There are many credit card and loan scammers out there. Many of them operate in the U.S. or have offices and addresses in the U.S. but operate, actually, in another country. How do you avoid being “taken” by a scam? Do your own research. I cannot emphasize that part enough: your own research. Do not rely on reviews on the creditor’s websites or on “affiliated” sites.
An affiliated site will usually rank creditors – “The lowest rate you will see”, “The best company for people with bad credit”. You found them online by searching (Google) and they paid to be at the top of your search for a reason. An affiliated site might list 5 or 10 creditors of various rankings and stars but they are affiliated with one, maybe two of “the best”, and they want you to click their link to get your credit offer. Their link probably includes a code that, when sent to the lending company’s website, refers to the phony review site. The lending company then pays for this affiliations. If someone paid me extra to send business their way, of course I am going to say good things about them! That’s how it works.
Research as much as you can and try to find unbiased reviews. Never EVER decide based on reviews, quotes, happy faces, etc., on the lender’s website. Do not take their word for it. Search social media, search reputable financial industry websites and finally search the Better Business Bureau. I know some people do not trust the BBB, but every bit helps. Get you own independent impression of this lender/creditor BEFORE you sign or agree to anything! And, do not offer your banking information prior to your thorough research being complete. Yes, many lenders will ask for bank routing and accounting numbers BEFORE you have even been approved….RED FLAG! I would NEVER give that information to a stranger. Creditors/lenders are still strangers!
Stay away from ultra-high interest rate lenders. Completely avoid them at all costs. It will cost you the most. I saw a loan offer with a 480% interest rate. You will never pay that back. Several independent reviews remarked:
“When I first called them, I was given a decent monthly payment amount. After that first month, my bank account was charged FOUR times the monthly payment amount. When I called the lender, I was told that was the amount plus interest.” (definitely a scam)
“They told me the loan would be payed off in 9-months. After talking with a financial planner, I was informed it would take over 4-years to pay this off.” (another scam)
“My loan for $1,000 will end up costing me over $5,000 by the time it is payed off. And I am paying more than the minimum!” (good idea to pay more than the minimum. But, another scam)
“When I got this credit card, they charged me $99 when I activated it!” (This is actually common. Even reputable credit card companies and lenders will charge an annual or startup fee for opening the account. It’s their way of saying ‘it is a pleasure for you to do business with us’. This is usually not a scam – read the fine print and terms of the credit card or loan.)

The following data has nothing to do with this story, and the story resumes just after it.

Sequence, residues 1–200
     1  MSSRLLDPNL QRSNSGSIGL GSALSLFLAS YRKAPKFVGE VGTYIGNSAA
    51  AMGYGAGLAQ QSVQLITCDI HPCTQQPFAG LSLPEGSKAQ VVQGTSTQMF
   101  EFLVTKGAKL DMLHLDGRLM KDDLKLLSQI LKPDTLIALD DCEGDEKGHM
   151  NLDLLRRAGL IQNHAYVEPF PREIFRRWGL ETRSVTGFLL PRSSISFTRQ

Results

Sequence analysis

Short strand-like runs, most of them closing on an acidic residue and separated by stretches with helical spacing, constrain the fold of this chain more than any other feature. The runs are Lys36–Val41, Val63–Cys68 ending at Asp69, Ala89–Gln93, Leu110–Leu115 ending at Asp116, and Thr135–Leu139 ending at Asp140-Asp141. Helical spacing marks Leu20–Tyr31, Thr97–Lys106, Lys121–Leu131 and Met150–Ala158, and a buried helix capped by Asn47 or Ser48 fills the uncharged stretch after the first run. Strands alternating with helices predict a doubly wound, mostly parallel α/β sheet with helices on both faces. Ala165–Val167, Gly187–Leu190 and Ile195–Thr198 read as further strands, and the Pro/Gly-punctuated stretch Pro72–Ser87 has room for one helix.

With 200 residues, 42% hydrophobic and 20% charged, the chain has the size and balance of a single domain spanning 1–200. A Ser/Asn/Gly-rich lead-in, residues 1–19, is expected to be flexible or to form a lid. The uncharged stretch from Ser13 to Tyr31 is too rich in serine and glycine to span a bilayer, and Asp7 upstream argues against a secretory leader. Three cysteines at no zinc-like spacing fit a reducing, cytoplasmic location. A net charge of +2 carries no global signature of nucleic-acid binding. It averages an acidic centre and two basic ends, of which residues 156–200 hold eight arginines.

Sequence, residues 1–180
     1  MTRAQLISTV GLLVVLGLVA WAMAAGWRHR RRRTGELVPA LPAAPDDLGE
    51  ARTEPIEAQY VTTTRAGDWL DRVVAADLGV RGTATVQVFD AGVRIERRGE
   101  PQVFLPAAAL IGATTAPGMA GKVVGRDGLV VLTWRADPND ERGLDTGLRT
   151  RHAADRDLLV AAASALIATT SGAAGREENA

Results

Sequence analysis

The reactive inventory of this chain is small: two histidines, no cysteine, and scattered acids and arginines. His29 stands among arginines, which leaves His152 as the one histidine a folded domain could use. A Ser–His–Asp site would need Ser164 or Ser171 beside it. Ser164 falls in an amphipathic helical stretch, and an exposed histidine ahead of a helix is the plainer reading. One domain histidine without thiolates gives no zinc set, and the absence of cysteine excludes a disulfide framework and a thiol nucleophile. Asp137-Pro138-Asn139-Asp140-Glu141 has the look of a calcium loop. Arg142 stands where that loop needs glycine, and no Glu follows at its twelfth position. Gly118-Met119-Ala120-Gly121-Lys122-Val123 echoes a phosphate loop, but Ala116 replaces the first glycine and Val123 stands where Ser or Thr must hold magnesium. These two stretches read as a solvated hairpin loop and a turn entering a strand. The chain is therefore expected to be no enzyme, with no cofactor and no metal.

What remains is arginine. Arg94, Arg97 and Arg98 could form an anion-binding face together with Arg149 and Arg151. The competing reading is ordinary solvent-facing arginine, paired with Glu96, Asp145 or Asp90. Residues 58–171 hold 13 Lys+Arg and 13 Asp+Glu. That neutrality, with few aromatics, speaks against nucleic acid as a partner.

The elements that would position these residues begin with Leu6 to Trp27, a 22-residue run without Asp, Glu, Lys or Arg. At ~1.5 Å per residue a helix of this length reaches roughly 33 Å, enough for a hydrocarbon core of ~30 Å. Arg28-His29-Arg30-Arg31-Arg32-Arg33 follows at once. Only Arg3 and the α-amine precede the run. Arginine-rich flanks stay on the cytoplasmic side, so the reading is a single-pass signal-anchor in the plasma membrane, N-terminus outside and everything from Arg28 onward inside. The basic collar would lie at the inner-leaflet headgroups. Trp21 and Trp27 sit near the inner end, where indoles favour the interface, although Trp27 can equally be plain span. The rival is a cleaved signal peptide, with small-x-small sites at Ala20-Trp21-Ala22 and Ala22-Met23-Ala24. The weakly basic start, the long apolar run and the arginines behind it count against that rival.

Loans come with a lot of disclaimers and payment/interest charts. Read all of them thoroughly. Read the fine print. Read between the lines. Know what you are getting yourself into.
If you already have a checking and/or savings account with a bank, start there first. They already know you and you, hopefully, can trust them by now. They already have your money! Membership banks know your balances, spending habits, paycheck frequencies and if your account is already bad or doing ok. If you have been with them for a good amount of time, you have a good chance of securing a decent loan or line of credit with them. Credit unions are best as they generally provide low, or very competitive, interest rates. Your bank wants to keep your business. Take advantage of their resources first. If they say “no”, then start looking at 3rd parties.
Again, more than anything – I cannot stress this enough – know what you are getting yourself into. Shop around. Compare rates. Do not give your banking information during the application process. Once they have your account information, your bank and financial worth is open season for them. Never, ever, trust a credit or lending company that doesn’t check your credit history!
Once you let a credit/loan site know you are looking for money, you may get offers from other parties. Be careful of these as well. Once your information is shared on one site, they may have sold or given the information to other lenders and you will be spammed daily with credit offers, most of which are scams. Some lender sites, themselves, will Email you and, in many cases, call or text you daily – and multiple times per day – until you respond.
If you cannot find the lender on social media or locate much information about them on the internet, that is a red flag as well. But, just because they have a presence on Facebook doesn’t make them reputable either. Facebook is becoming more and more synonymous with 3rd-party advertisement scams and fake business pages and groups. I rarely, if ever now, trust an advertisement on Facebook – but that is another article I am working on.
Before doing anything, get your credit score and know what it is before reaching out even to your bank. Use services like Experian, TransUnion, Equifax and Credit Karma. Do not make too many inquiries for your credit score as this may actually lower your score! Also, do not apply with too many lenders/creditors as that can adversely affect your credit score. It also looks bad and could be problematic if a potential lender finds you have several credit applications submitted or lender inquiries in your credit history.
Again, before signing and approving anything with any lender or creditor, know what you’re getting into (read everything)!